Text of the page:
Recognition for outstanding federal workers should be the norm

By Jim Seymour | March 8, 2019

It’s easy to find stories about public service heroes in times of crisis, whether they’re rescuing families and restoring infrastructure following a natural disaster, caring for patients and stopping the spread of disease, or providing essential public safety even while their paychecks are withheld due to a lapse in government funding.

But what about when our communities and government are operating as usual?

Last week, the Office of Management and Budget and the General Services Administration announced the 2019 Gears of Government Hall of Winners. It’s a new feature on Performance.gov that honors more than 150 individuals and teams, from more than 20 federal agencies, who have improved the lives of others or made our government better. These success stories don’t often make headlines, but they display the tremendous impact public servants are making across government and throughout our country.

“Federal employees work every day to deliver mission, service and stewardship for the American people,” said Margaret Weichert, deputy director for OMB and acting director at the Office of Personnel Management. “The Gears of Government Awards celebrate the profound impacts that feds are having across the United States, whether it’s combating identity theft, improving life for veterans or making medications more affordable.”

One of the best ways to help our government continue to improve is to highlight the many ways it’s performing well. Recognition is more than just making people feel good—it encourages high performers to get even better, take on bigger challenges and learn best practices from one another. When those lessons and best practices spread throughout the federal workforce, performance as a whole will improve.

At the Partnership, we know excellence in public service is the norm, not the exception. Our goal is to make recognition of government’s success stories the norm, not the exception. Through our annual Samuel J. Heyman Service to America Medals, we’ve highlighted more than 500 individuals and teams for their outstanding accomplishments. The Sammies have generated local and national news coverage, including stories in TIME, The Atlantic, The Washington Post, Fox News, NPR and more.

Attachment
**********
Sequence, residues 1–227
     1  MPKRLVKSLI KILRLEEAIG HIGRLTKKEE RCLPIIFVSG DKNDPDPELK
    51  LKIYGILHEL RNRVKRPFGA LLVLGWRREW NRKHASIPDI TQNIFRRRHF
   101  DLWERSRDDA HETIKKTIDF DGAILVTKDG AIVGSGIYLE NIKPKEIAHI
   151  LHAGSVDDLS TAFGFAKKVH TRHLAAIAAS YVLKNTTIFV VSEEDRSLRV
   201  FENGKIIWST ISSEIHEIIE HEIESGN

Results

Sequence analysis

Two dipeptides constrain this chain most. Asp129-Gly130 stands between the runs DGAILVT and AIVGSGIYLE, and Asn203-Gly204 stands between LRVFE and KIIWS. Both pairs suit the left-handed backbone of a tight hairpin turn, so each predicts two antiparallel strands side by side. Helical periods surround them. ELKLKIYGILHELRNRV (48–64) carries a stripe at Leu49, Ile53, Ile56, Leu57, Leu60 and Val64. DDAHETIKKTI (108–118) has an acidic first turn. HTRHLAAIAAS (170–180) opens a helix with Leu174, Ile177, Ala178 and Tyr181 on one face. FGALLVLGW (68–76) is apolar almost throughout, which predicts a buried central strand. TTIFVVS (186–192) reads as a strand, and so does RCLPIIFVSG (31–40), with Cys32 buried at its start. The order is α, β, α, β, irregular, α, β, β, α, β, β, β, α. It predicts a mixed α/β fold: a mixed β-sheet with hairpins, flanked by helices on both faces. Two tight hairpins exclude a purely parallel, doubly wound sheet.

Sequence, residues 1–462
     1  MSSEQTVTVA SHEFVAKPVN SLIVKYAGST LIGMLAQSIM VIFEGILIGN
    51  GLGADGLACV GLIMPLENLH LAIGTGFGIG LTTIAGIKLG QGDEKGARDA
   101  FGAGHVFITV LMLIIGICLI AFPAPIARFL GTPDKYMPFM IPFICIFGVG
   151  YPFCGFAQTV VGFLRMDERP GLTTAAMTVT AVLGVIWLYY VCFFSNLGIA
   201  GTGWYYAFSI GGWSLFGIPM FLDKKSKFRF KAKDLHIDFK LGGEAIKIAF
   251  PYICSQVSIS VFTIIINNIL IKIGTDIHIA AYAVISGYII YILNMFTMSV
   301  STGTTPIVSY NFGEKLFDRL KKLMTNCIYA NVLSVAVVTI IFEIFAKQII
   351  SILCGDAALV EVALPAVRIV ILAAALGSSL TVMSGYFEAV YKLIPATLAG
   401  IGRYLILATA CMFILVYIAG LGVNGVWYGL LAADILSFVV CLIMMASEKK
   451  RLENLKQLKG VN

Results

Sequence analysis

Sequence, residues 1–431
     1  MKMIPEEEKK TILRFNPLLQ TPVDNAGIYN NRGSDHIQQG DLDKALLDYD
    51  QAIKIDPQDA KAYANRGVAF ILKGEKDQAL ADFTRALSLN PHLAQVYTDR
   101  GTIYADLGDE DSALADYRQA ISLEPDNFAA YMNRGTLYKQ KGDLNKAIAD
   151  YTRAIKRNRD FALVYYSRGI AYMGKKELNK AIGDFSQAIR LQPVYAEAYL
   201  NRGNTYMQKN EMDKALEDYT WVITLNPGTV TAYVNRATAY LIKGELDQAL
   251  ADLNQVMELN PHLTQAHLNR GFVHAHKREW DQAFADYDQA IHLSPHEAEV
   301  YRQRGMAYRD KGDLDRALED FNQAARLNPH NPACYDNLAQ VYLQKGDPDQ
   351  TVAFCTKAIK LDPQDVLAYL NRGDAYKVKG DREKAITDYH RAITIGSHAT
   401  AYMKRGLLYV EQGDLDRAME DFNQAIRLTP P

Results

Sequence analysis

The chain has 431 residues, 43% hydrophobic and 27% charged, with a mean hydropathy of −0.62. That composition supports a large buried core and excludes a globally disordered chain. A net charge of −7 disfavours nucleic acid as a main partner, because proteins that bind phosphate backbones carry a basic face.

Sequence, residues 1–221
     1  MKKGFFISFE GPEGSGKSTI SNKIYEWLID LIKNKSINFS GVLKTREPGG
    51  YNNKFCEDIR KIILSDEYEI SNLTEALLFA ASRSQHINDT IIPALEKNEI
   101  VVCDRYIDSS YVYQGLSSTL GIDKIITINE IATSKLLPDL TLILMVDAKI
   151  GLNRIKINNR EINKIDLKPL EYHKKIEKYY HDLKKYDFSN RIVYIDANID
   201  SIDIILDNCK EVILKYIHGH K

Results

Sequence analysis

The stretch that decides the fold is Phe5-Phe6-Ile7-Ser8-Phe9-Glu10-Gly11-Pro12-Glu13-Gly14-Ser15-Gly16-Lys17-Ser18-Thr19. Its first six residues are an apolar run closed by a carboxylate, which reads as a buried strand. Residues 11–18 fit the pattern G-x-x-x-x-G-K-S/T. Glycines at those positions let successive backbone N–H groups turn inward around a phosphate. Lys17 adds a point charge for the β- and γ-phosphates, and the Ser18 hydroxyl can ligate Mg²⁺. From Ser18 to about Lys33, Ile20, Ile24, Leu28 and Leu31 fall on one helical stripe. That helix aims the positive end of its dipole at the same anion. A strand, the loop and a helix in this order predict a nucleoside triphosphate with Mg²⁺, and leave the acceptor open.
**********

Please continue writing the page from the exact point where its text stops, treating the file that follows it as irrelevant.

Recognition is more than media attention. It’s often as simple as noticing and saying thank you to airport security officers, park rangers or any other federal workers you interact with. Let them know their work is valued and appreciated, even when no crisis is involved. If you happen to work with high-performing federal employees, celebrate their achievements and nominate them for the Service to America Medals program, government-wide programs such as the Gears of Government Awards, and your agency’s tailored recognition programs.

Finally, help us share these stories. Encourage your friends and family members to check out the Gears of Government and Sammies honorees. Give the finalists and award winners a shoutout on social media. Help make recognition in government the norm.

Jim Seymour is the director of programs and events at the Partnership for Public Service.


Jim Seymour